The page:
Why won’t they sit with me? An exploratory investigation of stereotyped cues, social exclusion, and the P3b

John E. Kiat, Elizabeth Straley, Jacob E. Cheadle

Research output: Contribution to journalArticle

6 Citations (Scopus)

Abstract

The importance of understanding how we anticipate and prepare for being socially excluded is underscored by the numerous adverse mental and physical consequences of social rejection. In this study, we adapted a social exclusion paradigm, the Lunchroom task, to investigate the use of social context cues in the formation of social outcome expectations as indexed by the P3b, an ERP component associated with attention orientation and context updating. In this task, Black and White participants were presented with either neutral or stereotyped cues prior to being exposed to simulated inclusion versus exclusion outcome scenarios. Black participants showed evidence of (1) a significantly reduced P3b response to exclusions preceded by stereotyped cues relative to neutral cue-related exclusions and (2) a marginally significant increase in the P3b response to inclusions relative to exclusions when both were preceded by stereotyped cues. Both of these findings suggest a key role for the use of social cues in the formation of outcome expectations. In line with our hypothesis that the random intermixing of inclusion and exclusion outcomes would prevent formation of outcome expectations when coupled with the absence of self-relevant cues, no overall P3b modulations were observed among a comparison group of White participants.

Original languageEnglish (US)
Pages (from-to)612-625
Number of pages14
JournalSocial Neuroscience
Volume12
Issue number5
DOIs
StatePublished - Sep 3 2017

Fingerprint

social exclusion
Cues
exclusion
inclusion
Social Distance
comparison
paradigm
scenario
evidence
Group

Keywords

  • P300
  • Social rejection
  • electroencephalography
  • event-related potential
  • race
  • social exclusion

ASJC Scopus subject areas

  • Social Psychology
  • Development
  • Behavioral Neuroscience

Cite this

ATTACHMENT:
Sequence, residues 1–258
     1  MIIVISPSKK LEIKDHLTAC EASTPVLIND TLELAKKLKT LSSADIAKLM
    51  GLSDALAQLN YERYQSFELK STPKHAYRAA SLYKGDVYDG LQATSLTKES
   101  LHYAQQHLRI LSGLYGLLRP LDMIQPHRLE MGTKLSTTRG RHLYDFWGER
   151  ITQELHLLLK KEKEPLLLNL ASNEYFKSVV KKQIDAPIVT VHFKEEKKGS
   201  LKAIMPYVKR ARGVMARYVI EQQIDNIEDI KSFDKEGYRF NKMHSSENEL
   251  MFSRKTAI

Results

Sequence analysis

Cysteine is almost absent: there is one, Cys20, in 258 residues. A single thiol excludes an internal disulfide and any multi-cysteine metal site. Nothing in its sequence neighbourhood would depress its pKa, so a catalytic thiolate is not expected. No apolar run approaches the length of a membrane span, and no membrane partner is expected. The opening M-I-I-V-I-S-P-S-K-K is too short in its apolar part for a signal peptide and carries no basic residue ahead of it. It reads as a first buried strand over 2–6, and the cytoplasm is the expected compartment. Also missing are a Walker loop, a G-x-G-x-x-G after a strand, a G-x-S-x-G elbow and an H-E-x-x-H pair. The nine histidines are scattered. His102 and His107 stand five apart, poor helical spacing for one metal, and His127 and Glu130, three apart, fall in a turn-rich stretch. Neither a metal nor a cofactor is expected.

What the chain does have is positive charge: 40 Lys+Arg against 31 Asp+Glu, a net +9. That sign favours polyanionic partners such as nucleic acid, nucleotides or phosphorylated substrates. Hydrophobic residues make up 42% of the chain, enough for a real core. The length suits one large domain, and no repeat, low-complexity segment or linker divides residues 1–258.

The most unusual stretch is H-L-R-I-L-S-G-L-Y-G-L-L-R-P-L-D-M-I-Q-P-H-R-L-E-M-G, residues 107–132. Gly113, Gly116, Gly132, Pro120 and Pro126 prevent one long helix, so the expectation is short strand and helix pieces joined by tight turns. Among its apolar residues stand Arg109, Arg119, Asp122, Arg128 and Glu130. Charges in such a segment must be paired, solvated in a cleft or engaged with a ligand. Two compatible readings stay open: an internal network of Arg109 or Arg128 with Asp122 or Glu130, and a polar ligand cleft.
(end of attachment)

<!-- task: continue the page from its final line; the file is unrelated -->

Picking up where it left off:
Why won’t they sit with me? An exploratory investigation of stereotyped cues, social exclusion, and the P3b. / Kiat, John E.; Straley, Elizabeth; Cheadle, Jacob E.

In: Social Neuroscience, Vol. 12, No. 5, 03.09.2017, p. 612-625.

Research output: Contribution to journalArticle

@article{15483bf398e040608f13512a26b0c4aa,
title = "Why won’t they sit with me? An exploratory investigation of stereotyped cues, social exclusion, and the P3b",
abstract = "The importance of understanding how we anticipate and prepare for being socially excluded is underscored by the numerous adverse mental and physical consequences of social rejection. In this study, we adapted a social exclusion paradigm, the Lunchroom task, to investigate the use of social context cues in the formation of social outcome expectations as indexed by the P3b, an ERP component associated with attention orientation and context updating. In this task, Black and White participants were presented with either neutral or stereotyped cues prior to being exposed to simulated inclusion versus exclusion outcome scenarios. Black participants showed evidence of (1) a significantly reduced P3b response to exclusions preceded by stereotyped cues relative to neutral cue-related exclusions and (2) a marginally significant increase in the P3b response to inclusions relative to exclusions when both were preceded by stereotyped cues. Both of these findings suggest a key role for the use of social cues in the formation of outcome expectations. In line with our hypothesis that the random intermixing of inclusion and exclusion outcomes would prevent formation of outcome expectations when coupled with the absence of self-relevant cues, no overall P3b modulations were observed among a comparison group of White participants.",